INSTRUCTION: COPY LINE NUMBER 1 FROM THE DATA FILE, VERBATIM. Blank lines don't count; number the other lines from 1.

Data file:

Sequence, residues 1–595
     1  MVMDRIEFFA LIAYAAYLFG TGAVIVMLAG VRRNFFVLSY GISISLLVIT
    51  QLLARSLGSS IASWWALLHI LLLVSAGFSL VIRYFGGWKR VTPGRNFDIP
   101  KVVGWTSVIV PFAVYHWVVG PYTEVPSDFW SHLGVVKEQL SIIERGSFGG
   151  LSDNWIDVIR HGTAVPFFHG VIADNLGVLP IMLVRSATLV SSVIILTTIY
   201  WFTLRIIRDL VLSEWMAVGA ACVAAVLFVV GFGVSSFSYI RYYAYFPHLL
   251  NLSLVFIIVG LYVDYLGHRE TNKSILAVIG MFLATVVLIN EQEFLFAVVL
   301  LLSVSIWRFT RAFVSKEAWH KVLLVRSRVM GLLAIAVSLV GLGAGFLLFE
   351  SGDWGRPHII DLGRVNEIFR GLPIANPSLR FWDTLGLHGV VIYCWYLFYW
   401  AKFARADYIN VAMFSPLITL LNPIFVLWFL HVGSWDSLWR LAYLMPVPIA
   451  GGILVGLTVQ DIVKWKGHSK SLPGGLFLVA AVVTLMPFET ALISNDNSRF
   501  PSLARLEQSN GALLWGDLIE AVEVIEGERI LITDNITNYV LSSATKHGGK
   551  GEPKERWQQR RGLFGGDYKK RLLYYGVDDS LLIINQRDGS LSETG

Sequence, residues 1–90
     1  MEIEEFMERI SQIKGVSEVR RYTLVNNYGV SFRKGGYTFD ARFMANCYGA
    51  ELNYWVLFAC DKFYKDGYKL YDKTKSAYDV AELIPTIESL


Sequence, residues 1–595